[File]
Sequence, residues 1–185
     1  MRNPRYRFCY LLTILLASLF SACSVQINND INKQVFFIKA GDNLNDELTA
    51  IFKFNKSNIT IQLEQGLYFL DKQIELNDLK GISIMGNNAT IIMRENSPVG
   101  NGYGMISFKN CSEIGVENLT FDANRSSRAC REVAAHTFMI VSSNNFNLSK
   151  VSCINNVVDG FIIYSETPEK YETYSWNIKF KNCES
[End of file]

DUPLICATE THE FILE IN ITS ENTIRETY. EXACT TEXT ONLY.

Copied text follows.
Sequence, residues 1–185
     1  MRNPRYRFCY LLTILLASLF SACSVQINND INKQVFFIKA GDNLNDELTA
    51  IFKFNKSNIT IQLEQGLYFL DKQIELNDLK GISIMGNNAT IIMRENSPVG
   101  NGYGMISFKN CSEIGVENLT FDANRSSRAC REVAAHTFMI VSSNNFNLSK
   151  VSCINNVVDG FIIYSETPEK YETYSWNIKF KNCES